Infectious for a while, Pontypool's thought experiment draws on Burroughsian language virus rather than zombieflesh (though, relax, there is projectile vomiting). Stuck with actors reacting to phone calls, director Bruce McDonald tries to let Tony Burgess's script work up a lather of media/rural/urban/colonialist/claustrophobic heebie-jeebies and brain malfunction. But a nicely zigzaggy run-up of radio psych-outs only herald uneven follow-through; like an early rehearsal, you sense tensions and tempos that still need to be filled in.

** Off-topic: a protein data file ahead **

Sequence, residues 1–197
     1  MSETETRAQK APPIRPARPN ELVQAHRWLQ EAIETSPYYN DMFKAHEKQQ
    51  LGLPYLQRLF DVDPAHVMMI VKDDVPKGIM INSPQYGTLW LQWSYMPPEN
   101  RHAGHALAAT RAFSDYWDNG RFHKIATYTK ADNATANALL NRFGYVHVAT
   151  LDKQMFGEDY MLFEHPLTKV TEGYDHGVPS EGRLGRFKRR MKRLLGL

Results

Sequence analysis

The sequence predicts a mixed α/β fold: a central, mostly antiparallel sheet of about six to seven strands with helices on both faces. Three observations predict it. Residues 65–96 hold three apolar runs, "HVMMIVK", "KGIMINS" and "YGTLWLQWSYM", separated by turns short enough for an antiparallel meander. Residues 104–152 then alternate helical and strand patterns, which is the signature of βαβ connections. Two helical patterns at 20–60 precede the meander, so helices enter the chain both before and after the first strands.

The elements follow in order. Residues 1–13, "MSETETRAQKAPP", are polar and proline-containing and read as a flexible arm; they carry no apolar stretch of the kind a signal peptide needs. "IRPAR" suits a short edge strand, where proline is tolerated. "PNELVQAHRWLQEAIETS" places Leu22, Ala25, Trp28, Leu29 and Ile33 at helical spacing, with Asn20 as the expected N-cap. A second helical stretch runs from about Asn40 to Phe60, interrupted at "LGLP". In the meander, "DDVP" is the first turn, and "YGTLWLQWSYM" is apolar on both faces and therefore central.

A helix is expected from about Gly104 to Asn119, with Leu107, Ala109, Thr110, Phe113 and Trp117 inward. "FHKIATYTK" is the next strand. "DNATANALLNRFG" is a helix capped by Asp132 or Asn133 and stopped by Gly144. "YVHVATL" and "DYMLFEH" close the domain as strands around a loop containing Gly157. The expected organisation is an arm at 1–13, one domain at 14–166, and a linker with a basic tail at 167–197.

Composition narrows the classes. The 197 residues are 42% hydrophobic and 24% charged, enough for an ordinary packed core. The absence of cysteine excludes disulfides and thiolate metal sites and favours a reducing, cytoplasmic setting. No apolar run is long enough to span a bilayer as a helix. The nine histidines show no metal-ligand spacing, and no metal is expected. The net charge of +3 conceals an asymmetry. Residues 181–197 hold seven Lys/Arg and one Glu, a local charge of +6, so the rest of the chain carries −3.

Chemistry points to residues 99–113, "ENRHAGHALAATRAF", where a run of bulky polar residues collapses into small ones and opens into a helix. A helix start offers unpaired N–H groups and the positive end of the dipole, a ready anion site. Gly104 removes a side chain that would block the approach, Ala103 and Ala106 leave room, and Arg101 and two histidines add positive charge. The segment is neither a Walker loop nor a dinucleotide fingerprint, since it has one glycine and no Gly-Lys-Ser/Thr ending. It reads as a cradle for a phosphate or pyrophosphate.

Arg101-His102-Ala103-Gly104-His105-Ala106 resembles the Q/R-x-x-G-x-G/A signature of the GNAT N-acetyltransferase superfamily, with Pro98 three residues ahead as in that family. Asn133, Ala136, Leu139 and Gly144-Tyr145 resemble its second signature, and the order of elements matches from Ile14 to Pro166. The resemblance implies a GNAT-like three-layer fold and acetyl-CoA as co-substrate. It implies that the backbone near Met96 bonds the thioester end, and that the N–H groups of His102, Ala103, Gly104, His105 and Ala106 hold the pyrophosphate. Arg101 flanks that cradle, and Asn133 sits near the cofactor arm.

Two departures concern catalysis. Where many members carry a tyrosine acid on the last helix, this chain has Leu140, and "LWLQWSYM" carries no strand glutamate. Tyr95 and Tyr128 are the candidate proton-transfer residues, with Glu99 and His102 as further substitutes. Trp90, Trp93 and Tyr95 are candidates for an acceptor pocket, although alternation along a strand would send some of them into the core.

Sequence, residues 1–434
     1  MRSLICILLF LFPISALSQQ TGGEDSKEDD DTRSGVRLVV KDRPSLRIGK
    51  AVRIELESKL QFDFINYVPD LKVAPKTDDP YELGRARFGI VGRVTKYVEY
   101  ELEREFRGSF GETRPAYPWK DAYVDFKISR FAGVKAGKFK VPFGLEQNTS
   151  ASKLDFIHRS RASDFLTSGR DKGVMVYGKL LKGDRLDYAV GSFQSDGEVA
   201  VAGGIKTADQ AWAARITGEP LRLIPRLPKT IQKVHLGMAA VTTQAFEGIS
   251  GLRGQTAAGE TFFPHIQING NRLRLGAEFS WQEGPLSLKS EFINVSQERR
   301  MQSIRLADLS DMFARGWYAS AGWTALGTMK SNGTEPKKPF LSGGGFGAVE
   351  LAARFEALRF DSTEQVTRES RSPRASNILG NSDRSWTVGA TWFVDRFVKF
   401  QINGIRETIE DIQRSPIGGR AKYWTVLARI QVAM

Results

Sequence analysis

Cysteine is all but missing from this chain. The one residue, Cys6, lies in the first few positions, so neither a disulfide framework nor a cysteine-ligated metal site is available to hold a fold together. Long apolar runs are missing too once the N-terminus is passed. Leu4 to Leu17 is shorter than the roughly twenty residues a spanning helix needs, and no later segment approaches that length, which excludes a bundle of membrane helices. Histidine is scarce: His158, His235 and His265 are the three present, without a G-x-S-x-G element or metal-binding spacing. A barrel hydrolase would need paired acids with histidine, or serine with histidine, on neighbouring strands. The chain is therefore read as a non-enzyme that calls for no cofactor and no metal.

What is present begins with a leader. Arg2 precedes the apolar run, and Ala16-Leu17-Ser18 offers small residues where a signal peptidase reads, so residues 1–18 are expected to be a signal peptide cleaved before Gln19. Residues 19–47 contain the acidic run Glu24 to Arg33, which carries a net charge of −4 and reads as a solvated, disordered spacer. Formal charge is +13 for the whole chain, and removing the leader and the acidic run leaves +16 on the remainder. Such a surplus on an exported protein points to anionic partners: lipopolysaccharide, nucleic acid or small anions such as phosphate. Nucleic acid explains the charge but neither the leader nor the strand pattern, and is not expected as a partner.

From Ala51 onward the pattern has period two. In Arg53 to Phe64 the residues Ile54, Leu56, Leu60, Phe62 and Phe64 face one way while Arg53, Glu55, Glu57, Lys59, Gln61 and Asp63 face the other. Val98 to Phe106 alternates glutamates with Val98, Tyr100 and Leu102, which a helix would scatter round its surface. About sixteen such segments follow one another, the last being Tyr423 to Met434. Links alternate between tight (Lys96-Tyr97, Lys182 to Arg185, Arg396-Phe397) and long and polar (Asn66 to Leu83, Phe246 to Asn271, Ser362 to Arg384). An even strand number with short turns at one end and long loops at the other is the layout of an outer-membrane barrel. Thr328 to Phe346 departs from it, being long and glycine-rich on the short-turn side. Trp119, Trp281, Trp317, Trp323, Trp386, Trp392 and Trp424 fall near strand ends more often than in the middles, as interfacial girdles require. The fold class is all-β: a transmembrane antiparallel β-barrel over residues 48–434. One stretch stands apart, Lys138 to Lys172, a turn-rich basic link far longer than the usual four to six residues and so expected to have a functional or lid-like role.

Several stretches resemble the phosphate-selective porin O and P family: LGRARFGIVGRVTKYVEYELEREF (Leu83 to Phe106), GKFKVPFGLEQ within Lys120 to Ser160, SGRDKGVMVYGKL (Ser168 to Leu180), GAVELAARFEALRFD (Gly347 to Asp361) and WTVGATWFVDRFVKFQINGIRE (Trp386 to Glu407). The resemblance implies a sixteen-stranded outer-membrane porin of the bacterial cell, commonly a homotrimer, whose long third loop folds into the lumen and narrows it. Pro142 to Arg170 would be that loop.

If you're hooked by the admittedly fascinating idea, your intellectual buzz may well pre-game you safely through the movie's self-evidently presented verbal terror. But the degeneration and abandonment of sense should play better (cf. I Can See You for a successful ocular analogue). McHattie, with his sand-blasted sheen, is always worth looking at, like the guy at the end of the bar who you shouldn't rouse — here more likely to charm than murder you. McDonald at least makes up for his excruciating Tracey Fragments.
Opens May 29